Horror is unique among literary and film genres, in that the experience it promises the audience appears to be a negative one. Comedy infers laughs. Thrillers infer thrills. Erotica, arousal. But horror puts it right out there: this will, or should, be scary. It will horrify you. Like any genre, horror has evolved an array of traditions and tropes, so that creating a work of horror can be done simply by employing elements that have been established, assembling them in a recognizable order, and trusting the audience's prior experience with those elements (or its indulgence) to do the work for you. These are rote exercises, with little or no genuine resonance. A truly great horror movie is something one should not be in a great rush to watch again, or, more accurately, a movie greatly effective at being genuinely horrifying should not. A great horror movie can be a great movie without inducing all-consuming terror, or being overly disturbing. But a truly horrifying movie (precluding masochism on the viewer's part, in which case, disregard nearly all of this essay) should be difficult to watch.
The recent run of horror and horror-adjunct movies in South Korea are in a unique position as cultural artifacts to resonate with American audiences, with the large historical presence of America and American culture following the war against North Korea in the 1950s. Briefly, the resultant balance of cultural similarities and differences, not to mention relative economic prosperity of late, leads to movies we in America have little problem getting on a fundamental level. Kim Ji-woon's 2010 picture I Saw The Devil is, with the possible exception of the entire cast being Koreans, indistinguishable from a Hollywood movie in terms of film grammar. It's a work of tremendous skill, with intense, committed performances by its cast, some truly exquisite compositions where Kim and cinematographer Lee Mo-gae frame characters multiple times within the frame, creating a claustrophobic tension only augmented by editing and score. Kim Ji-woon is a very good director and I Saw The Devil a tremendous piece of craft. But I never want to see it again.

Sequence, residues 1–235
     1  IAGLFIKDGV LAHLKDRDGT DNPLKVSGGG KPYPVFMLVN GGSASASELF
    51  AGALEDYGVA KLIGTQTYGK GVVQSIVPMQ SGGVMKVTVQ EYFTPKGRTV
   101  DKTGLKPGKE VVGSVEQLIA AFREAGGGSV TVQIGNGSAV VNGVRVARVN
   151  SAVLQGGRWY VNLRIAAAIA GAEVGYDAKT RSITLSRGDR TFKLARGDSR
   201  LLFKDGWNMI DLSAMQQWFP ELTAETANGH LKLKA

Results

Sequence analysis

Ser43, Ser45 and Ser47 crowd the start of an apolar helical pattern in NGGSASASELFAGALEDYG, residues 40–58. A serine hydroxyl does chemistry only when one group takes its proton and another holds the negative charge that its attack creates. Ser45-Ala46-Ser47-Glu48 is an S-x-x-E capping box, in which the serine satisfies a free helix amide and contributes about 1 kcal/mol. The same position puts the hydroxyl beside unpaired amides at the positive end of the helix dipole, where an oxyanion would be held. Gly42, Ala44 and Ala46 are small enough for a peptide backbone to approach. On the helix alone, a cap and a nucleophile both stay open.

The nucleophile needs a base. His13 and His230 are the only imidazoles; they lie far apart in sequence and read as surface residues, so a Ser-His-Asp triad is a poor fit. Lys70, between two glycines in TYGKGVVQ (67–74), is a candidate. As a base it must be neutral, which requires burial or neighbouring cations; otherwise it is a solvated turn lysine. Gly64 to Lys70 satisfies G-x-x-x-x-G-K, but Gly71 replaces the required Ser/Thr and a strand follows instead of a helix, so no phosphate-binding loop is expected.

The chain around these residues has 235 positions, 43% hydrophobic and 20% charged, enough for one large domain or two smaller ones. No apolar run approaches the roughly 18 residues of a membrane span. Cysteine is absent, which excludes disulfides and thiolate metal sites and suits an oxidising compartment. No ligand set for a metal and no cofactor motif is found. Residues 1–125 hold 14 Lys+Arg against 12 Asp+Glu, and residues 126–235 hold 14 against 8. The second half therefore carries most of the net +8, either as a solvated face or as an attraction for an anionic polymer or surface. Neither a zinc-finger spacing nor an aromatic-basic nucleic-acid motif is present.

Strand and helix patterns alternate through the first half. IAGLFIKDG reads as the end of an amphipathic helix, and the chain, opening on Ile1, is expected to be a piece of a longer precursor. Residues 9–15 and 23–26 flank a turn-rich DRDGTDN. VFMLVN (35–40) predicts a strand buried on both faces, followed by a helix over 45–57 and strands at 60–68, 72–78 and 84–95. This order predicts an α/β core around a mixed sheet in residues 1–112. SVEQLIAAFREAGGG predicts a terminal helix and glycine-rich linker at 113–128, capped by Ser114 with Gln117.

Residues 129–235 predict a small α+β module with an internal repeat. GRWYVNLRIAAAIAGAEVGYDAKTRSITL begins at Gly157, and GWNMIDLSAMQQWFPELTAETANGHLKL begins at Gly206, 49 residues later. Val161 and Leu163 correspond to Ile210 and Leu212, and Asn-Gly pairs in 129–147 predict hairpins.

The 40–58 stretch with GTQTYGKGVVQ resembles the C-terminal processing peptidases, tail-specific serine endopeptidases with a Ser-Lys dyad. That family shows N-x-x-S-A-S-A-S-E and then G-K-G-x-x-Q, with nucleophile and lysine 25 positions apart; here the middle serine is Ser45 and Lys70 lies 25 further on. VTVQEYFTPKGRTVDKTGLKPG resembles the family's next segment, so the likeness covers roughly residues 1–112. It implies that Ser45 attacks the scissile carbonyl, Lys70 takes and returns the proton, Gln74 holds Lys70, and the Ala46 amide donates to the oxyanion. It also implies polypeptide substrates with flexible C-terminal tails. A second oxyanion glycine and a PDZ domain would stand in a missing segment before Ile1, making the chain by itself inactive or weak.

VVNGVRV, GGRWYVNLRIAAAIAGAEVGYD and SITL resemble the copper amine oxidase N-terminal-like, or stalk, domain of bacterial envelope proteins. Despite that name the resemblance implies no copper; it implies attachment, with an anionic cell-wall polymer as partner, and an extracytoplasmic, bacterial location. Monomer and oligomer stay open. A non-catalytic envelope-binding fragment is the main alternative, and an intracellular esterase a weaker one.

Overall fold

It's an odd thing to say, but I Saw The Devil is almost too good at what it does. The story of a secret agent who exacts protracted and particularly cruel revenge against the vicious serial killer who murders his pregnant wife, almost the entire two hours and twenty minutes are brutally intense. It is an extraordinarily violent movie, featuring seemingly every way one human being can do physical harm to another (I should make clear, I like violent movies; this one's just ... really violent). The serial killer is shown graphically murdering and raping multiple victims, and even the nominal hero engages in some fairly shocking premeditated brutality. The movie has nothing to say about violence, man's capacity for it, or the emotional toll taken by either. That very pointlessness is an argument in the movie's favor as horror, as it adds to the almost physically painful effect of watching the movie. It's brilliantly constructed, but a genuinely harrowing piece of work that leaves one stunned and hurt after watching.
So, is this horror? Is the purpose of this genre unlike all others to be genuinely harrowing and disturbing? Or is horror meant to tease and titillate that part of the mind, without going all out and actively making the audience feel bad? This is a case where feeling “bad” has a purpose beyond torturing oneself, as being scared is a visceral thrill that under the right circumstances can be quite enjoyable. The heart races, the senses sharpen, adrenaline flows. Fun. But then there's I Saw The Devil, which is not fun, at all. But it is, in a way reinforced by meticulous, immensely skilled craft, genuinely horrifying. That there's no point to it beyond craft only deepens its horror.
None of the above should be read as a rebuke or dismissal of horror as a genre. On the contrary, it is, per the introduction, the only genre of its kind. Horror is not comfort. It is not an anesthetic. It is art made from the genuine palpable fear known to us all. There's a degree of abyss-gazing involved with watching a good horror movie, and it is thus not for the faint of heart. Fear left unexamined is unconquerable. Thus, horror, as a genre, is absolutely essential.